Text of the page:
You may need to take a pregnancy test before using anastrozole, to make sure you are not pregnant.

It is not known whether anastrozole passes into breast milk or if it could harm a nursing baby. Do not use this medication without telling your doctor if you are breast-feeding a baby.

How should I take anastrozole?

Take this medication exactly as prescribed by your doctor. Do not take it in larger amounts or for longer than recommended. Follow the directions on your prescription label.

Anastrozole is usually taken once per day. You may need to keep taking this medication for up to 5 years. Follow your doctor's instructions.

Store anastrozole at room temperature away from moisture and heat.

What happens if I miss a dose?

Take the missed dose as soon as you remember. If it is almost time for your next dose, wait until then to take the medicine and skip the missed dose. Do not take extra medicine to make up the missed dose.

What happens if I overdose?

Seek emergency medical attention if you think you have used too much of this medicine.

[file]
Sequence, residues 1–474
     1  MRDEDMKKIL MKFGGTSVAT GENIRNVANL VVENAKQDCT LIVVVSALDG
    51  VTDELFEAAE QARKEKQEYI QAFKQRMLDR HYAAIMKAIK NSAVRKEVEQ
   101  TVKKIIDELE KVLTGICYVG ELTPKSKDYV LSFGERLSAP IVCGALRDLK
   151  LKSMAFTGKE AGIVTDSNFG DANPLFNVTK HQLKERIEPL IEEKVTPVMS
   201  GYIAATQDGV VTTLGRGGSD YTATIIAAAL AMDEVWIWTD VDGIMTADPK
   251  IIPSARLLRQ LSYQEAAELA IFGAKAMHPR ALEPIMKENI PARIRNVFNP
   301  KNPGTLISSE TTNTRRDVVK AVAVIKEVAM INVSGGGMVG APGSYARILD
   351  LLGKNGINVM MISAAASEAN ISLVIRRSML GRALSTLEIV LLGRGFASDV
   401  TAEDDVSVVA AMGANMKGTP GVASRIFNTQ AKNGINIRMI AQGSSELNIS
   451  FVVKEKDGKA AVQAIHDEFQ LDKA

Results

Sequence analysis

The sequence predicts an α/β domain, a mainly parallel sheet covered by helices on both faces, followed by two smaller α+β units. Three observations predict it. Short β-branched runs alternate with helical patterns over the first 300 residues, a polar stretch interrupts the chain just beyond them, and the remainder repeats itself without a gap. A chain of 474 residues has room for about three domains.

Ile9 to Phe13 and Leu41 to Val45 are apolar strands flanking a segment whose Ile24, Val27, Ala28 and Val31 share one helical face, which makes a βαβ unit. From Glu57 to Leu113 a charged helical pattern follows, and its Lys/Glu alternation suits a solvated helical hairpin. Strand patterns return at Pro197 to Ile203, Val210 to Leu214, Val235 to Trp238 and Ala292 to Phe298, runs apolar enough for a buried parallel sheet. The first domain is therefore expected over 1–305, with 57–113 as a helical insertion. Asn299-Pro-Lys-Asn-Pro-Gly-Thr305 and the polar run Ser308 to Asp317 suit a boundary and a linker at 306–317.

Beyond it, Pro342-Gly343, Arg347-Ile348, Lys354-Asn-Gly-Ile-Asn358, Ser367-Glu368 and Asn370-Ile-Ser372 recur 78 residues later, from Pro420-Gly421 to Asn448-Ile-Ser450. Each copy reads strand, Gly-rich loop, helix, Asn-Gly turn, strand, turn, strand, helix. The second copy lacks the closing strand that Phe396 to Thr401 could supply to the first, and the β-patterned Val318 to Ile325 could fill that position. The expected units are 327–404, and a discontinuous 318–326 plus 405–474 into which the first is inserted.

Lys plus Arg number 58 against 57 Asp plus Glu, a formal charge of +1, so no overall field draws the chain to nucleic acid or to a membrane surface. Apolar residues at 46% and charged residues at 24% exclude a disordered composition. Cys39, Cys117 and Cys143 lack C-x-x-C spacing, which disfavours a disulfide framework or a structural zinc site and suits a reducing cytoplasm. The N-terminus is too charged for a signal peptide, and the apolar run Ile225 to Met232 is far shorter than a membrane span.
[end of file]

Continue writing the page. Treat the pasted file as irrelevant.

The symptoms of an anastrozole overdose are not known.

What should I avoid while taking anastrozole?

Anastrozole can cause side effects that may impair your thinking or reactions. Be careful if you drive or do anything that requires you to be awake and alert.

Anastrozole side effects

Get emergency medical help if you have any of these signs of an allergic reaction: hives; difficulty breathing; swelling of your face, lips, tongue, or throat. Call your doctor at once if you have any of these serious side effects:

  • sudden numbness or weakness, especially on one side of the body;

  • sudden headache, confusion, problems with vision, speech, or balance;

  • swollen glands;

  • a bone fracture; or

  • swelling in your hands or feet;

Less serious side effects may include:

  • hot flashes;

  • joint pain or stiffness;

  • weakness;

  • sore throat;

  • depression, mood changes;

  • nausea; or

  • back pain, bone pain.

This is not a complete list of side effects and others may occur. Call your doctor for medical advice about side effects. You may report side effects to FDA at 1-800-FDA-1088.

What other drugs will affect anastrozole?

Anastrozole may not work as well if you take it together with tamoxifen or an estrogen medication. Before you start taking anastrozole, tell your doctor if you also take tamoxifen or estrogen.